12th Conference on Mountain Meteorology


A Forecaster challenge: Convectively enhanced winds in a strongly forced synoptic environment in complex terrain

M. Meyers, NOAA/NWS, Grand Junction, CO; and J. LaDue, J. Pringle, and C. Cuoco

On April 05, 2006, a strong cold front moved through the eastern Great Basin region and subsequently, through western Colorado. The front was associated with a deep positively tilted trough aloft. Ahead of the surface front, wind speeds at several mountain locations across eastern Utah and western Colorado exceeded 30 m s-1 (500 hPa wind speeds of 35 to 40 m s-1). At approximately 11:00 AM MDT, a line of Deep, Moist Convection (DMC) developed over the Utah Wasatch Front. Given that the favorable near storm environment existed for severe winds and/or hail, SPC and GJT decided to issue a Severe Thunderstorm Watch at 11:30 AM MDT. The line moved east at 12 m s-1, with individual cell movement at 25 to 30 m s-1. This line of DMC eventually moved into the Grand Junction WFO (GJT) forecast area. However, the thunderstorms weakened considerably shortly thereafter. Though convective cells covered most of the GJT area, a relatively small percentage of them produced lightning. We will examine whether a Severe Thunderstorm Watch was the most appropriate product, or if a High Wind Watch or Warning would better suit the situation.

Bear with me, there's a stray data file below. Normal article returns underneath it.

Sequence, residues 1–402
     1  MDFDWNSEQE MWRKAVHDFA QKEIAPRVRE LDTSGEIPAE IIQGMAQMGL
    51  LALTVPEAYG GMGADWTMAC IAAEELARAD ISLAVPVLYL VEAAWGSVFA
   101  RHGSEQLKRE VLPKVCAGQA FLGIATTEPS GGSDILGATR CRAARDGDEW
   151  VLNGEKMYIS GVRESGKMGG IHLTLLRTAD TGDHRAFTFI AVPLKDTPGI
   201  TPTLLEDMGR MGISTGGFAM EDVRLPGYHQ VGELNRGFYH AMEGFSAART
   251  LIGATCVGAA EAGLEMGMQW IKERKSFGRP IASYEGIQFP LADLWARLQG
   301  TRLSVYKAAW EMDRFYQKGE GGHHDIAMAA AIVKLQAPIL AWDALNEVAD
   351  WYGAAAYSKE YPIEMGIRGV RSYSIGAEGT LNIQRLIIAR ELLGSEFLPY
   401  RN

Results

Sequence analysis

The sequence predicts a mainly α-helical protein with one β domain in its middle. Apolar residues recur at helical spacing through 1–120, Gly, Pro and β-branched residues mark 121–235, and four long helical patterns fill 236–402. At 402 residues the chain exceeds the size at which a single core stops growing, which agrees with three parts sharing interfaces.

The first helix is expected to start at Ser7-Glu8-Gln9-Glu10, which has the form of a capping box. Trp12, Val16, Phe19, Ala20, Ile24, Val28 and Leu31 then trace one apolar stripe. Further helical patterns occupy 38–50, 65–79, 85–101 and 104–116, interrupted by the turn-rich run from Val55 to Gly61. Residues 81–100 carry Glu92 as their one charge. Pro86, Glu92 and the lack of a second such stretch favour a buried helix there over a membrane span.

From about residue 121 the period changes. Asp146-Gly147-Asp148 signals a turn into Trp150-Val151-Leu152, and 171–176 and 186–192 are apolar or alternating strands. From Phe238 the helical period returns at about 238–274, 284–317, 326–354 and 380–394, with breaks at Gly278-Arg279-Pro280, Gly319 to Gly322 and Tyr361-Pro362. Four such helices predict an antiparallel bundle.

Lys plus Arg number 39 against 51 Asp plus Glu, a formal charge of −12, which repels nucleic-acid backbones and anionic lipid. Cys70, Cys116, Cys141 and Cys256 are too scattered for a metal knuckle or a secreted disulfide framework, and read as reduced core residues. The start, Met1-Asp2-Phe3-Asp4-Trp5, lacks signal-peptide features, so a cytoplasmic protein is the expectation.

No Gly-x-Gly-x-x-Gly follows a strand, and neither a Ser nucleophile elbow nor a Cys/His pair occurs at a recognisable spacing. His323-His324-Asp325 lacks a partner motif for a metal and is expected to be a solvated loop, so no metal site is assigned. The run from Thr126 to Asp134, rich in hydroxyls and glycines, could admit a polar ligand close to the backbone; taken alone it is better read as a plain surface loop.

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Poster Session 3, Forecasting, Climate and Air Quality
Thursday, 31 August 2006, 2:30 PM-4:00 PM, Ballroom North

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